Open­ing Re­marks

Talk of a down­turn is in the air, and the num­bers are squig­gly

Bloomberg Businessweek (North America) - - Contents - By Peter Coy

The bears say down, the bulls say up. The num­bers say ...

Peo­ple who or­di­nar­ily ig­nore eco­nomic fore­cast­ers are ea­ger for what­ever in­tel­li­gence they can glean. What’s grabbed their at­ten­tion is the Jan­uary plunge in the U.S. stock mar­ket((1)), the worst two-week start on record. If the bears are right, prof­its and eco­nomic growth in gen­eral are go­ing to be weak in 2016. Even if the bears are wrong, the drop is mak­ing in­vestors less will­ing to spend. No­body knows what’s go­ing to hap­pen next. “The fact that econ­o­mists have a par­tic­u­larly poor track record of call­ing turn­ing points in growth only adds to un­der­ly­ing anx­i­ety,” Joseph Lavorgna, chief U.S. econ­o­mist at Deutsche Bank Se­cu­ri­ties, wrote to clients on Jan. 19.

Weak­ness is em­a­nat­ing from China, where pes­simism has driven stock prices down 40 per­cent since June((2)), vs. a de­cline of 12 per­cent in the U.S. With trade de­clin­ing, there’s

been a sharp drop in the Baltic Dry In­dex((3), a mea­sure of cargo ship­ping rates. Oil prices((4)) are also down, re­flect­ing not just an in­crease in sup­ply but fall­ing de­mand. That’s bad for busi­nesses and work­ers in the U.S. oil patch.

One way trou­ble abroad gets trans­mit­ted to the U.S. is through a ris­ing dol­lar((5)). When other economies weaken, the world’s in­vestors flood into the U.S. in search of higher re­turns, buy­ing dol­lars as they do. The strong dol­lar is al­ready show­ing up in a de­cline in im­port prices((6))— bad news for U.S. com­pa­nies that com­pete with im­ports.

The Mor­gan Stan­ley Busi­ness Con­di­tions In­dex((7)) fell this month to its low­est level since Fe­bru­ary 2009. Ellen Zent­ner, Mor­gan Stan­ley’s chief U.S. econ­o­mist, head­lined her re­port, “Los­ing Faith.” Auto sales((8)), which had been climb­ing steadily for years, have fallen from their peak. Man­u­fac­tur­ers, more sen­si­tive to trou­ble abroad be­cause of their re­liance on ex­ports, have seen a sharp drop in their main in­dex of ac­tiv­ity((9)). The economies of more than 9 in 10 U.S. coun­ties still haven’t got­ten back to their pre­re­ces­sion peaks((10)). An­a­lysts es­ti­mate that prof­its of Stan­dard & Poor’s 500 com­pa­nies in the last quar­ter of 2015 had their big­gest drop from the year be­fore since 2009, ac­cord­ing to data col­lected by Bloomberg((11)).

While all this is go­ing on, the Fed­eral Re­serve has its

fin­ger on the in­ter­est rate trig­ger. The Fed­eral Open Mar­ket Com­mit­tee has al­ready raised the fed­eral funds rate tar­get once, to a range of a quar­ter per­cent to a half per­cent. The mid­point of the “dot plot” of Fed of­fi­cials’ fore­casts is for the fed­eral funds rate to reach 1.25 per­cent to 1.5 per­cent by the end of 2016((12)), a level that the bears think could stop the frag­ile U.S. ex­pan­sion.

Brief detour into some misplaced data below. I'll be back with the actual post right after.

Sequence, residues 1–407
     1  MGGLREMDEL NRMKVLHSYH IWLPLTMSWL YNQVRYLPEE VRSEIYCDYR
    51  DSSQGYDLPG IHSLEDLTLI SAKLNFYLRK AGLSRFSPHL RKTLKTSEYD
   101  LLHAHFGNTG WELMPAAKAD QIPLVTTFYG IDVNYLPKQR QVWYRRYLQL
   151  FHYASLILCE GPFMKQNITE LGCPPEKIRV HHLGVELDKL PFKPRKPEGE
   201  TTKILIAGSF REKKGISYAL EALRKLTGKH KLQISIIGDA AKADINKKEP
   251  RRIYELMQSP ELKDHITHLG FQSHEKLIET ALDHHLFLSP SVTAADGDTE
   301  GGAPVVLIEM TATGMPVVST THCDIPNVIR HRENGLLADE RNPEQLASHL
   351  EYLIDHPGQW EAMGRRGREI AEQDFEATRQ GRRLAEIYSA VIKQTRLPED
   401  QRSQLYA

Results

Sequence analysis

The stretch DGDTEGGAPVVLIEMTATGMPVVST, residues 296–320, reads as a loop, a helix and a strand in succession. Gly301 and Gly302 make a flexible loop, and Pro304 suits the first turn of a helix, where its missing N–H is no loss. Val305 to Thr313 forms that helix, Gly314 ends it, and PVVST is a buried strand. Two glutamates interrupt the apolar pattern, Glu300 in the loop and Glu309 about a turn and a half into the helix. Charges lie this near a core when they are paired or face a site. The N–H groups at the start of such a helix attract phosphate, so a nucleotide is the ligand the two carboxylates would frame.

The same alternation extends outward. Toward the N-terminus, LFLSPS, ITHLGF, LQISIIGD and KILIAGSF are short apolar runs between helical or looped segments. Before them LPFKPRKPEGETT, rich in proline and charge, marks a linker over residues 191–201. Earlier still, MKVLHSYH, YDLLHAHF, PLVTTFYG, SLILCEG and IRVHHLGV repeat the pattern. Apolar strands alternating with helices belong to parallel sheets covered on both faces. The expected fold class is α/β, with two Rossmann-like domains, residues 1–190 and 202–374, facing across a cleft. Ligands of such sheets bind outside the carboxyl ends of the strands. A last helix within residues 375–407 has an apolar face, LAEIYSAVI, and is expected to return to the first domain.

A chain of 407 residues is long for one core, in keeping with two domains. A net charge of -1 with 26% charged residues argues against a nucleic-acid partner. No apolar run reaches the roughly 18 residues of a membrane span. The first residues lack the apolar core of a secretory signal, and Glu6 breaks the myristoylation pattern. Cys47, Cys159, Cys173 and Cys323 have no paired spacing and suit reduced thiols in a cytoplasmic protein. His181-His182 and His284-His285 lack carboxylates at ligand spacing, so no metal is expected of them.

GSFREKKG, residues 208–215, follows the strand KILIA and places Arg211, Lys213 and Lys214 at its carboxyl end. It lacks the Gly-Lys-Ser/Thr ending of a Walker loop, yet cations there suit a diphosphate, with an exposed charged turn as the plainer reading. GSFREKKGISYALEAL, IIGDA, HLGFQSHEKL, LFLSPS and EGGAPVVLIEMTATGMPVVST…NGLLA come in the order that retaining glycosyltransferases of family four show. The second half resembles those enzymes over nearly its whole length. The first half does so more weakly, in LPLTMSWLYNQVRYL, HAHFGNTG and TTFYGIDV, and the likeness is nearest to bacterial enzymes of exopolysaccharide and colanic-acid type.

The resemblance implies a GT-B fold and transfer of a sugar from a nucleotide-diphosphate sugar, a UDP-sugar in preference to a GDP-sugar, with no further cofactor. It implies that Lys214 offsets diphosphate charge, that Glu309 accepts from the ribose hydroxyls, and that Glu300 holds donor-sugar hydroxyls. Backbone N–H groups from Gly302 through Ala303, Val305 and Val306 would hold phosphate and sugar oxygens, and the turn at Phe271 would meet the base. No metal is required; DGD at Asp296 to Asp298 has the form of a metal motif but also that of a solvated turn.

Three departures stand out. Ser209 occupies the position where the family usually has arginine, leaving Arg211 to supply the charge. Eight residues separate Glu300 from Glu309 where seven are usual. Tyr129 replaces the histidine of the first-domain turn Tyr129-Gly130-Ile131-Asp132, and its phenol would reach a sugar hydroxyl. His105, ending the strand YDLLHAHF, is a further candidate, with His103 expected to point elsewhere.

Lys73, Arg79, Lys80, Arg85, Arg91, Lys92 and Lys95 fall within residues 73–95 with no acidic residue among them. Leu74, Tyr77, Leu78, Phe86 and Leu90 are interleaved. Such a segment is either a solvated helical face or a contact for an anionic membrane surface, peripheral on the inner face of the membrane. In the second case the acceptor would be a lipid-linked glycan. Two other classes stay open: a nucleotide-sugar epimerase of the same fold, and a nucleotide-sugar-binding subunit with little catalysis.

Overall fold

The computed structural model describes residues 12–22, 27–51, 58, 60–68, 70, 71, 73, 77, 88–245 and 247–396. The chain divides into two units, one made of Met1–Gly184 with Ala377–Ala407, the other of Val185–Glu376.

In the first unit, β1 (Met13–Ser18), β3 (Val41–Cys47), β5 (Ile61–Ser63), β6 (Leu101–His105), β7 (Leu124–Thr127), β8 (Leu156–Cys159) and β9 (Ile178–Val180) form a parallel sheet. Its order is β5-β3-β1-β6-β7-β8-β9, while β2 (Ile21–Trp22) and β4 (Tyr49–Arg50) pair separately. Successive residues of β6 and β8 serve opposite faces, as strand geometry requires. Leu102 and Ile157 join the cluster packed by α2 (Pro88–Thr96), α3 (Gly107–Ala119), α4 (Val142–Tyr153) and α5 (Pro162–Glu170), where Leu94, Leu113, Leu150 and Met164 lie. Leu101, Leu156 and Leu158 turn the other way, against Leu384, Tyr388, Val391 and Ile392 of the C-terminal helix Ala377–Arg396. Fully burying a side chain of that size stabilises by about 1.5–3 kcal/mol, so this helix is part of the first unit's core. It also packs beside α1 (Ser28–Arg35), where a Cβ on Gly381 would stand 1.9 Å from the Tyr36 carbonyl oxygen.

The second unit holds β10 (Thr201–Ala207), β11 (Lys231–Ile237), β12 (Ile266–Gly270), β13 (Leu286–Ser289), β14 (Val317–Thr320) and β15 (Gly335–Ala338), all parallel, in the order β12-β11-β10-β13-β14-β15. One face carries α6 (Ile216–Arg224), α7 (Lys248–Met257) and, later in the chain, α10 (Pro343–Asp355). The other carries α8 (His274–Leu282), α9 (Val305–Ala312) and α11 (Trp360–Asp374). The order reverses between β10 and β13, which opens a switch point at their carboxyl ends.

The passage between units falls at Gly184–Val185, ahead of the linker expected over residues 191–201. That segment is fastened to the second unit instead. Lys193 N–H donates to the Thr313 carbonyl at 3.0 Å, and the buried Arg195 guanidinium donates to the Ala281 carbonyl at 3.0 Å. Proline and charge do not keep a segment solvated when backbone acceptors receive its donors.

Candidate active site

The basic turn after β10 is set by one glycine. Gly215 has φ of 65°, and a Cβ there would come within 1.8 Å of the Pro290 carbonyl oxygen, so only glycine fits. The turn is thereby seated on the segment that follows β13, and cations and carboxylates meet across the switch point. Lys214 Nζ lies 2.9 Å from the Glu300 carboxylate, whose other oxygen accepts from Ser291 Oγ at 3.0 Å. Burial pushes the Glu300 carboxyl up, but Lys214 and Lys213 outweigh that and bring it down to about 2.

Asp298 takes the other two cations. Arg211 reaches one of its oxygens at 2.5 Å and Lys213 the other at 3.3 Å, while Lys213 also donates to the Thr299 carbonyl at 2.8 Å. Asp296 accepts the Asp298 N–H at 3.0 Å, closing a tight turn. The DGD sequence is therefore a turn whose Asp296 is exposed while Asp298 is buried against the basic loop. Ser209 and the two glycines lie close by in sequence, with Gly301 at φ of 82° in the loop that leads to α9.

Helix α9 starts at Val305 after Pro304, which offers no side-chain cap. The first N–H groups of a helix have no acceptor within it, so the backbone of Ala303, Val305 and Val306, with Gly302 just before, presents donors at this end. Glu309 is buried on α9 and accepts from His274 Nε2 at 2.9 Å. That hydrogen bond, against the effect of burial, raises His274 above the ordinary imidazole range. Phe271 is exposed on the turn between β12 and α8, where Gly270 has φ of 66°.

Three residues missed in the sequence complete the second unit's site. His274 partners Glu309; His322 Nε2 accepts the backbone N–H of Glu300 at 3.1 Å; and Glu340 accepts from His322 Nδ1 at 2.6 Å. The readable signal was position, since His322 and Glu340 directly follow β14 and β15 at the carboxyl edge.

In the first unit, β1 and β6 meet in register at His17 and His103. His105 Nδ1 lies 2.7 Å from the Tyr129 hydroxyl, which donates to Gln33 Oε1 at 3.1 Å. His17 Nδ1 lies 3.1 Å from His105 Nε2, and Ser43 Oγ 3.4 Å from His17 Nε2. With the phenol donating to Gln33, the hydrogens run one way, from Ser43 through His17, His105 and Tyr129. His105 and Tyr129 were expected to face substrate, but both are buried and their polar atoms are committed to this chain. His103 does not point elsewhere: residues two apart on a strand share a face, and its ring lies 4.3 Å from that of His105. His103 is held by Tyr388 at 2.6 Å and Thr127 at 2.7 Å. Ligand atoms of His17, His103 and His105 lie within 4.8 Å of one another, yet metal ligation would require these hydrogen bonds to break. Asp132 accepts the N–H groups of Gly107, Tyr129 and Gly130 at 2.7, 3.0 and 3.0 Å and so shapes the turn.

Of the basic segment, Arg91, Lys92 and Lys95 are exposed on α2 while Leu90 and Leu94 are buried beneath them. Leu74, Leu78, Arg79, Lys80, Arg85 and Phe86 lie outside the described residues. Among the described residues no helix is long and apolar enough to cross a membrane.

There’s noth­ing frag­ile about this ex­pan­sion, an­swer the bulls. The econ­omy has cre­ated mil­lions of jobs since the last re­ces­sion((13)), in­clud­ing 292,000 in De­cem­ber. This is the long­est run of con­sec­u­tive monthly em­ploy­ment gains in records go­ing back to 1939. The U.S. Bureau of La­bor Sta­tis­tics tracks an in­dex of pay­rolls con­sist­ing of av­er­age hourly pay mul­ti­plied by av­er­age hours worked per week mul­ti­plied by the num­ber of work­ers((14)). It’s up one-third from six years ago. Pay­roll growth en­ables stronger con­sumer spend­ing, which feeds back into more job growth. The num­ber of open­ings has more than dou­bled since 2010, to bet­ter than 5 mil­lion((15)), in­di­cat­ing that the hir­ing ex­pan­sion has room to run. Sure, the pace of ini­tial fil­ings for

un­em­ploy­ment

in­sur­ance((16)) has picked up a bit, but it’s still far below its re­cent av­er­age.

The cheap oil that the bears worry about is good news for the bulls, be­cause lower gas prices((17) leave more money for peo­ple to spend on other things. Amer­i­cans have been pay­ing down debt, and their fi­nan­cial obli­ga­tions have been de­clin­ing as a share of their dis­pos­able in­come((18)). Con­sumer sen­ti­ment is close to its strong­est of this busi­ness cy­cle((19)). And there’s no hint of a burst­ing hous­ing bub­ble: True, con­struc­tion starts fell in De­cem­ber de­spite warm weather. But af­ford­abil­ity re­mains well above the worst lev­els of 2006 and 2007((20)).

The bot­tom line is that a 2016 re­ces­sion is un­likely. The Con­fer­ence Board’s in­dex of lead­ing eco­nomic in­di­ca­tors((21)) points to growth. Macroe­co­nomic Ad­vis­ers, a fore­cast­ing firm, ex­pects the econ­omy to bounce back from a very weak fourth quar­ter in

2015((22)). Par­tic­i­pants in the Fed­eral Re­serve Bank of Philadel­phia’s lat­est Sur­vey of Pro­fes­sional Fore­cast­ers see only a small chance of gross do­mes­tic prod­uct shrink­ing in any quar­ter this year((23)).

Then again, those sooth­say­ers weren’t pre­dict­ing a re­ces­sion at the start of 2008, ei­ther. They didn’t re­al­ize that one had al­ready be­gun. <BW>

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